Russia's Steppe Frontier: The Making of a Colonial Empire, 1500-1800

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Indiana University Press, 2002 - History - 290 pages
1 Review

"Khodarkovsky provides a detailed chronological narrative of Russia's steppe relations, which conveys brilliantly the depth of Moscow's engagement in the world of steppe politics.... This is counterbalanced by insightful thematic discussion of the perennial issues involved.... Altogether, an excellent study of a vital dimension of Russia's historical evolution." --Slavonic and East European Review

"... the first connected account of Moscow's assertion of military and political control over its steppe frontier. The book's scope is impressive, as it traces the transformation of a turbulent steppe frontier into an imperial borderland.... a signal contribution to our understanding of European history." --American Historical Review

Drawing on sources and archival materials in Russian and Turkic languages, Russia's Steppe Frontier presents a complex picture of the encounter between indigenous peoples and the Russians. An original and invaluable resource for understanding Russia's imperial experience.

  

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Review: Russia's Steppe Frontier: The Making of a Colonial Empire, 1500-1800

User Review  - Grant - Goodreads

Russia was as much a colonial society as any other European power in the 16th through 19th centuries, with the important difference that Russia's colonial frontier was contiguous, rather than overseas ... Read full review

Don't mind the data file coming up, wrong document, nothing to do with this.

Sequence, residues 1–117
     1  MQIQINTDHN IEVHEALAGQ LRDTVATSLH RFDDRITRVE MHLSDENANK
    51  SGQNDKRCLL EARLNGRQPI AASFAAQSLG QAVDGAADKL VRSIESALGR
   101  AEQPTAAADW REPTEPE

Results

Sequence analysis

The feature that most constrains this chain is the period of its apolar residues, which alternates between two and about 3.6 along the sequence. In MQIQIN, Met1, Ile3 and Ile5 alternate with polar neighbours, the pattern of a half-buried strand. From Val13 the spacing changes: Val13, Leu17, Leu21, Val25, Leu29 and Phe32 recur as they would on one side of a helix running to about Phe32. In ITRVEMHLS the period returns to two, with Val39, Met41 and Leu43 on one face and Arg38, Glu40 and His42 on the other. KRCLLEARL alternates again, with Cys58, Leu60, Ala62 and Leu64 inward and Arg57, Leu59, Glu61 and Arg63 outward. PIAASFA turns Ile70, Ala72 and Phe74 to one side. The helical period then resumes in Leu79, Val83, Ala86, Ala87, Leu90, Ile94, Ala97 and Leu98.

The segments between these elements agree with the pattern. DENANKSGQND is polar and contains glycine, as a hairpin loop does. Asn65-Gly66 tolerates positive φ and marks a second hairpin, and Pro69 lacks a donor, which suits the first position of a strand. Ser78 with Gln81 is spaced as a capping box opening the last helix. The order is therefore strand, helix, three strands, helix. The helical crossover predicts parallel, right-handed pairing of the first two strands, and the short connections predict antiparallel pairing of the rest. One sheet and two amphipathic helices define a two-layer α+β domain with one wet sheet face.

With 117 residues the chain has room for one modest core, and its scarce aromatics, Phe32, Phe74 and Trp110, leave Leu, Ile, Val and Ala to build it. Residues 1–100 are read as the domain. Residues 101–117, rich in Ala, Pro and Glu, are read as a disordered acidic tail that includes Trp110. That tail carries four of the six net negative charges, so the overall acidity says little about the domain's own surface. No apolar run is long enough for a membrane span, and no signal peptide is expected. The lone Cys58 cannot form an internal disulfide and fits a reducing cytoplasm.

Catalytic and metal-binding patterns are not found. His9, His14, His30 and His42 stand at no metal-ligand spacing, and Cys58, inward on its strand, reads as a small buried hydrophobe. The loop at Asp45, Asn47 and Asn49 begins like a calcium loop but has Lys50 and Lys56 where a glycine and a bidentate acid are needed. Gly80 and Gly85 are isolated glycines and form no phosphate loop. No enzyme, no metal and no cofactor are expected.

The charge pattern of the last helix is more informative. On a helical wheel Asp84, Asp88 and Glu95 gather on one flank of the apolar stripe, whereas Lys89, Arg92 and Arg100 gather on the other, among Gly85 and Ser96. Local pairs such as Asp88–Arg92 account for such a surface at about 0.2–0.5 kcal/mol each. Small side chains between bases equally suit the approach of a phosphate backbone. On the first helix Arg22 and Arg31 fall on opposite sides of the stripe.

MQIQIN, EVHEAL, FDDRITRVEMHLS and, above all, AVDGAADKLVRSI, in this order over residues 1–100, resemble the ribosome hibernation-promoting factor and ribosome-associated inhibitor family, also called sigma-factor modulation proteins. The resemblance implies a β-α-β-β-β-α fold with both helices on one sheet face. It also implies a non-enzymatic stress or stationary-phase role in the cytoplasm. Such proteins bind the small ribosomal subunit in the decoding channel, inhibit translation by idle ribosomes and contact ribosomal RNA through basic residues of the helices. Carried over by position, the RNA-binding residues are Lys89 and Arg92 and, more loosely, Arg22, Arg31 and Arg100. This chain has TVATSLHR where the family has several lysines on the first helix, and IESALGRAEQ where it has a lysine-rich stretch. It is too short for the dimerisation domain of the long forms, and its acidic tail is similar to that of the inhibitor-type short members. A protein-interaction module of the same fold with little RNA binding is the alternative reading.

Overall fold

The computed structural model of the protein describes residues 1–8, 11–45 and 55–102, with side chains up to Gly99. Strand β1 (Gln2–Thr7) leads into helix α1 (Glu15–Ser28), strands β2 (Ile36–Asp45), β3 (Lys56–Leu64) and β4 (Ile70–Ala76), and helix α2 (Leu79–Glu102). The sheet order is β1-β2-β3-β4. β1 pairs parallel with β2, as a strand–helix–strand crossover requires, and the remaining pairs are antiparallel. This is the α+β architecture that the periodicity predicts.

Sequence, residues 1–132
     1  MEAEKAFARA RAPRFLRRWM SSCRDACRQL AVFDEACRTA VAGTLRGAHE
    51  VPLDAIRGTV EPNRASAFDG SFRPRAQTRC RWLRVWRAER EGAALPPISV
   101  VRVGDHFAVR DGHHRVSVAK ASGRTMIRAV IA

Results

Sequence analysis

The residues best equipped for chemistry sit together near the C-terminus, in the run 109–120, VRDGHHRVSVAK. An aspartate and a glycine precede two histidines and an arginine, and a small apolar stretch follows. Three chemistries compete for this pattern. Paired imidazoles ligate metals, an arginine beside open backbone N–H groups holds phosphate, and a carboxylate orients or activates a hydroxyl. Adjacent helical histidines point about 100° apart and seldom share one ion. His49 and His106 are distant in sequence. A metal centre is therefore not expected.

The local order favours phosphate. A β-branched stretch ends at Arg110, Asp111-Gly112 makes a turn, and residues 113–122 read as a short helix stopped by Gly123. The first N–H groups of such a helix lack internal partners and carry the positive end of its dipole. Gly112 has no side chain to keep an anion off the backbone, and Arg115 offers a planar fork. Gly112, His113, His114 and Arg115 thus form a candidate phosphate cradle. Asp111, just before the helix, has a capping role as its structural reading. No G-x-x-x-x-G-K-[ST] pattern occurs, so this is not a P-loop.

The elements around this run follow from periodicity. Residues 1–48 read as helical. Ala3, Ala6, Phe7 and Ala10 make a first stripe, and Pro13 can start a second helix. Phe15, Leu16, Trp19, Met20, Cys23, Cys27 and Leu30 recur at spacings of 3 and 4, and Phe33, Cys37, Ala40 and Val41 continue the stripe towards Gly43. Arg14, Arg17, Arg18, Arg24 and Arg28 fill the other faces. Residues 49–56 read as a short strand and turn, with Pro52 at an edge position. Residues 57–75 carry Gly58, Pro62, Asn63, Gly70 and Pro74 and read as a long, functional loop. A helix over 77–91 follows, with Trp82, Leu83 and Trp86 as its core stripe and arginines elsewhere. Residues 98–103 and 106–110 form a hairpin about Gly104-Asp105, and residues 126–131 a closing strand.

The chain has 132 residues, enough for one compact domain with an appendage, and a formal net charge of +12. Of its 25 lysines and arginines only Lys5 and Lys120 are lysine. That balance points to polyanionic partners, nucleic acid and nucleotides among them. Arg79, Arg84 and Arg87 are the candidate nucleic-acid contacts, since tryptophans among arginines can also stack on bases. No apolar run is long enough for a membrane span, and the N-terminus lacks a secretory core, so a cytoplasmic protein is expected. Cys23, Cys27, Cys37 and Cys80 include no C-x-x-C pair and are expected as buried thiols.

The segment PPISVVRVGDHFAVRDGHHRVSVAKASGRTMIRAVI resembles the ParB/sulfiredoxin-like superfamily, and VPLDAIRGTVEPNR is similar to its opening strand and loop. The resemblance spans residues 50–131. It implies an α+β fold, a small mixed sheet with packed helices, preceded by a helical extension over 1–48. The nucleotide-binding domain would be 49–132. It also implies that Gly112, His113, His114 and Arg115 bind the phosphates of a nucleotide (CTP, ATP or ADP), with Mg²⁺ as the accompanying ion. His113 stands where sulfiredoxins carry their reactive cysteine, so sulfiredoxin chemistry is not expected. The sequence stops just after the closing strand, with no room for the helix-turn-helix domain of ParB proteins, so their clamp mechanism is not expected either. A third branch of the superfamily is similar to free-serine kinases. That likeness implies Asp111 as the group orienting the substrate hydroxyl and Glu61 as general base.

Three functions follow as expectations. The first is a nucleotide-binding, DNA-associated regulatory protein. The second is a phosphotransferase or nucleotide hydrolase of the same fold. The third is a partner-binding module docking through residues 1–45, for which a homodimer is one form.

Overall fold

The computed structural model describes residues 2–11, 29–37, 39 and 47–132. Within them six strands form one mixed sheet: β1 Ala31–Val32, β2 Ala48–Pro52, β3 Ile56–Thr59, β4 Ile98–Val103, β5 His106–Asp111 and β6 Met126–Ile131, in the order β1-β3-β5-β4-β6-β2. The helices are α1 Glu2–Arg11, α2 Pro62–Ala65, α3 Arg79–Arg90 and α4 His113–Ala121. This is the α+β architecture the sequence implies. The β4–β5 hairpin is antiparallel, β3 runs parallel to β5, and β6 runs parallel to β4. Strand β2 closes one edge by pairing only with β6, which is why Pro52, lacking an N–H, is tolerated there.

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Contents

introduction
1
1 The Sociology of the Frontier or Why Peace WasImpossible
7
2 Frontier Concepts and Policies in Muscovy
47
3 Taming the Wild Steppe 14801600s
77
4 From Steppe Frontier to Imperial Borderlands 16001800
126
5 Concepts and Policies in the Imperial Borderlands1690s1800
184
Conclusion
221
glossary
230
list of abbreviations
233
notes
235
bibliography
269
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About the author (2002)

Michael Khodarkovsky is Associate Professor of History at Loyola University of Chicago. He is author of Where Two Worlds Met: The Russian State and the Kalmyk Nomads, 1600-1771 and co-editor (with Robert Geraci) of Of Religion and Empire: Missions, Conversion, and Tolerance in the Russian Empire.

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